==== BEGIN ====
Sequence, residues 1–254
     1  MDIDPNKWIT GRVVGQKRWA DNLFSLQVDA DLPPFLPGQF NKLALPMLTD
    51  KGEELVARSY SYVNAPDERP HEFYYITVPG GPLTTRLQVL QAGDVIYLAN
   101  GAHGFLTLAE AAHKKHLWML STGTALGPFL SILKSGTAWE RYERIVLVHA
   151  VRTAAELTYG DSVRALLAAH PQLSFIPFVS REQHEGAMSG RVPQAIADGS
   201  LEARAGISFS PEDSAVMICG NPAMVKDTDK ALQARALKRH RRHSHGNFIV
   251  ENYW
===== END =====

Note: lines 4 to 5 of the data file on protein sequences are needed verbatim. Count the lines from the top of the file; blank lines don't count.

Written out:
   101  GAHGFLTLAE AAHKKHLWML STGTALGPFL SILKSGTAWE RYERIVLVHA
   151  VRTAAELTYG DSVRALLAAH PQLSFIPFVS REQHEGAMSG RVPQAIADGS